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Found 9 results

  1. I visited a small Paleozoic (Silurian) coral reef in Indiana the other day. No earth-shattering, jaw-dropping discoveries, but it's an interesting spot with dolomitized fossils. Here's a google earth view of the center of the reef. A nice mollusk, if anyone knows what species, let me know. It shattered when I tried to extract it, but I was able to glue it back together as you can see here. Sphaerexochus romingeri cephalon After extraction.. I believe this is a Platyceras: To be continued..
  2. Silurian Sponge? Coral?

    Hello, I can't seem to ID this fossil found in Silurian reef rock, Chicago area. I made some slices. Any help appreciated.
  3. A Devonian coral site in Louisville, Kentucky, USA
  4. Hey all! First time poster. Found a few fossils along the Milwaukee River in Milwaukee, Wisconsin. Looking online, it appears this area was a Devonian Reef. I don't have a lot of experience in fossils besides plants, so any ID or commentary is helpful. A few of these I just found as pieces in big piles along a rock formation, I tried to put up a ruler for scale. For the one piece in situ, I didn't have anything handy, but it wasn't more than a few cm across. Thanks!
  5. Death ray

    Giuseppe Marramà, Kerin M. Claeson, Giorgio Carnevale & Jürgen Kriwet(about 4 Mb) (2018) Revision of Eocene electric rays (Torpediniformes, Batomorphii) from the Bolca Konservat- Lagerstätte, Italy, reveals the first fossil embryo insitu in marine batoids and provides new insights into the origin of trophic novelties in coral reef fishes, Journal of Systematic Palaeontology, 16:14, 1189-1219, DOI: 10.1080/14772019.2017.1371257 Sensitive people should beware of figs. 15 and 16 I resisted the temptation (lover of classic photography) to work Man Ray in there somewhere
  6. Recently I've been revisiting some local Silurian outcrops. I have a love/hate relationship with these outcrops as they are incredibly difficult to work with, however I secretly enjoy that aspect as well. The fossils represent the Homerian stage just before the Mulde Event, so roughly 422 - 426mya (if I'm not mistaken). For whatever reason, in the Racine formation, Gravicalymene celebra are almost always complete in the molting position and other species usually found disarticulated. The trick is extracting them without destroying them. Sometimes they are found enrolled, though much less common. I have only found two enrolled from this location over the past few years. 1) enrolled Calymene 2) Gravicalymene celebra 3) " 4) " 5) " 6) Sphaerexochus romingeri 7) Pentamerid brachiopod 8) favosites blastoid? 9) Dalmanitid pygidium 10) partial Dalmanites cephalon Close up snaps Sphaerexochus romingeri I believe this is a crinoid cup judging by the shape, but not sure. If anyone has any ideas... and the drum roll... Three species on one plate, Encrinurus pygidium, Dalmanites cephalon and a Calymene on the bottom . Unfortunately, due to the nature of the rock and my lowly prep skills, the only survivor is the Dalmanites. I somehow managed to restore both eyes with the original pieces for a nice "eye-popping" specimen. Thanks for looking . Also, in case you're curious, this entire collection is the result of four trips, not one. About 4-5hours per trip , so about 18-20 hours of collecting. and many more prepping. Cheers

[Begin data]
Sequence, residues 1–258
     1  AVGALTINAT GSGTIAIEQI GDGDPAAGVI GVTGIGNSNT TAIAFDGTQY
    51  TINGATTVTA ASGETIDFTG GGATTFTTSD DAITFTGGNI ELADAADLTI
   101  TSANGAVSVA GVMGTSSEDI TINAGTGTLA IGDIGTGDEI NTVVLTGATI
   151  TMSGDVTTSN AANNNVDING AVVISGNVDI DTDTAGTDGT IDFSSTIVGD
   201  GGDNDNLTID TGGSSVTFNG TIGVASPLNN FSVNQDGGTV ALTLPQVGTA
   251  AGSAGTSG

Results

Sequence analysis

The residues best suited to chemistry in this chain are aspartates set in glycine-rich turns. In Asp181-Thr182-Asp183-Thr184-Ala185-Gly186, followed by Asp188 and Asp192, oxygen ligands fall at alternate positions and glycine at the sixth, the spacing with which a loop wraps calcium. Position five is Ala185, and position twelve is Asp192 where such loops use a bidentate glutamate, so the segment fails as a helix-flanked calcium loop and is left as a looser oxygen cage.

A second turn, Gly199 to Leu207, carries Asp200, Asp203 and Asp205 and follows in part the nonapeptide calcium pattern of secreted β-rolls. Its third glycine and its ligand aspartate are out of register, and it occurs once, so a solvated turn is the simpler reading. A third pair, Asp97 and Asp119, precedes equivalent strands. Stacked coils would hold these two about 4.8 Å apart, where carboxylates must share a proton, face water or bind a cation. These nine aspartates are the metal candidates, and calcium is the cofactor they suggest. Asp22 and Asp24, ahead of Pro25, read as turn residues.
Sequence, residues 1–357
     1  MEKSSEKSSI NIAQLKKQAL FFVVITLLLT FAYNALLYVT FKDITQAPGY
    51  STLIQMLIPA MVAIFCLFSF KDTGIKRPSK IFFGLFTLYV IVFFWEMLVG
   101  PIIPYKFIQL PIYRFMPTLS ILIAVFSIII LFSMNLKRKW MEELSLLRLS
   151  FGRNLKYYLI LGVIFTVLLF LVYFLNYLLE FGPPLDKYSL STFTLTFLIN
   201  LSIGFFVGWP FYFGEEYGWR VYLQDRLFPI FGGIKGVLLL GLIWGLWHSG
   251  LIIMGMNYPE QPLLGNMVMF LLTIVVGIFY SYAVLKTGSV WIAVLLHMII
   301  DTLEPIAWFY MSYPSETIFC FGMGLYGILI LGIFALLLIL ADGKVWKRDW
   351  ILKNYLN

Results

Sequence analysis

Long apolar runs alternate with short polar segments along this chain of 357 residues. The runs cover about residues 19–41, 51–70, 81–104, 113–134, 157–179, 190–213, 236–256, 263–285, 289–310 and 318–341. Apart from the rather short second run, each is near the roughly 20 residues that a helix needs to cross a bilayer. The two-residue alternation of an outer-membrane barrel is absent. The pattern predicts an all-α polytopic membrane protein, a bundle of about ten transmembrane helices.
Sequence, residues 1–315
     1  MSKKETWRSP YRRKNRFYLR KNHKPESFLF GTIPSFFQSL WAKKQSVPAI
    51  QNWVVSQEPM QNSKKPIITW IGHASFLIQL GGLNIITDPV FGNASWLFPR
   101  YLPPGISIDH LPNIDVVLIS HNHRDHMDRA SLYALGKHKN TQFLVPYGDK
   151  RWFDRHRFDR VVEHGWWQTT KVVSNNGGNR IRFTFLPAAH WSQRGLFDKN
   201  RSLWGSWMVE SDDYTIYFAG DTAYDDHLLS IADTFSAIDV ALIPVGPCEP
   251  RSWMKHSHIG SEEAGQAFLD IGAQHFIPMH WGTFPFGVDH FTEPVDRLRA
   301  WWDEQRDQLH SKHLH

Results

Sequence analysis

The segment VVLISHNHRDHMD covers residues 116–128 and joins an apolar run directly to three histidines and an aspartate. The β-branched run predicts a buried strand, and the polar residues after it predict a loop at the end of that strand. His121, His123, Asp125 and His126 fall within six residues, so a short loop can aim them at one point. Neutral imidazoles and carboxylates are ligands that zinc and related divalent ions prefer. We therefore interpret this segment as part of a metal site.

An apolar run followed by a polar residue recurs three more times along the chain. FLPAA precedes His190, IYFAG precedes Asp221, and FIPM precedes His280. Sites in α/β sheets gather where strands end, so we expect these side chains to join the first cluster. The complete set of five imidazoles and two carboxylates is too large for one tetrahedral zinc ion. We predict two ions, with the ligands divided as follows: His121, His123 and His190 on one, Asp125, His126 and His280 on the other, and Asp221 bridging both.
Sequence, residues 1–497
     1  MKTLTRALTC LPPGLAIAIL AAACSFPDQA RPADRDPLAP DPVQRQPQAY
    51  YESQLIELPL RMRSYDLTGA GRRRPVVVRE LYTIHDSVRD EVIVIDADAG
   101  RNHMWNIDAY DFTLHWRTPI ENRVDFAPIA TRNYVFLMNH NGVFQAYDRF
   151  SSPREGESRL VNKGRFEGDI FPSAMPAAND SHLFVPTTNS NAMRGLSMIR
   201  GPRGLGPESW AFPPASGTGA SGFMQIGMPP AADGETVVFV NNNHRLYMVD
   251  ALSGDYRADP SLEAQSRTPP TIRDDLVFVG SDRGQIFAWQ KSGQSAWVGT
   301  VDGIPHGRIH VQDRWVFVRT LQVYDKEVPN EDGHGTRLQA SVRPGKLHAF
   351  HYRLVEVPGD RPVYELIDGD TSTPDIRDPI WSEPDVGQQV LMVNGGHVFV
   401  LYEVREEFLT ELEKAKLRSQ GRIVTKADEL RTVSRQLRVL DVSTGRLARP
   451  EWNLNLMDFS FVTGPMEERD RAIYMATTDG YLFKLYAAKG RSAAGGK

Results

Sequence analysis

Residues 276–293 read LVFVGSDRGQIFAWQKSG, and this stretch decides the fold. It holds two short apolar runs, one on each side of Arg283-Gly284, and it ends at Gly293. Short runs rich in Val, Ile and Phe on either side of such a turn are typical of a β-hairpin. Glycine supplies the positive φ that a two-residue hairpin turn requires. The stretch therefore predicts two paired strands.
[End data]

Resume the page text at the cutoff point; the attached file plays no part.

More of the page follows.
7. Fossilised seabed

    Hi all just sorted out some old fossil and found this fossilised seabed. I found it 20 years in a river in South Wales can't remember where it was. This was before I was interested in fossils or natural history. The fossil over years is going a chalky lighter shade , if that makes any sense. What can I protect it with . Also what traces of fossils can you see in it. Kindest regards Bobby
  8. Help identify find.

    Hello. I found this "thing" on the ocean floor while diving in the Philippines. It looks kind of like a tooth of a marine animal, probably not a shark. Any ideas?
  9. Coral or sponge? Cretaceous

    I spotted an interesting fossil within a rudist reef of edwards group limestone near ozona, Texas Cretaceous Albian. This outcrop appears to be dolomitized Left of the chapstick cap. Thanks, George
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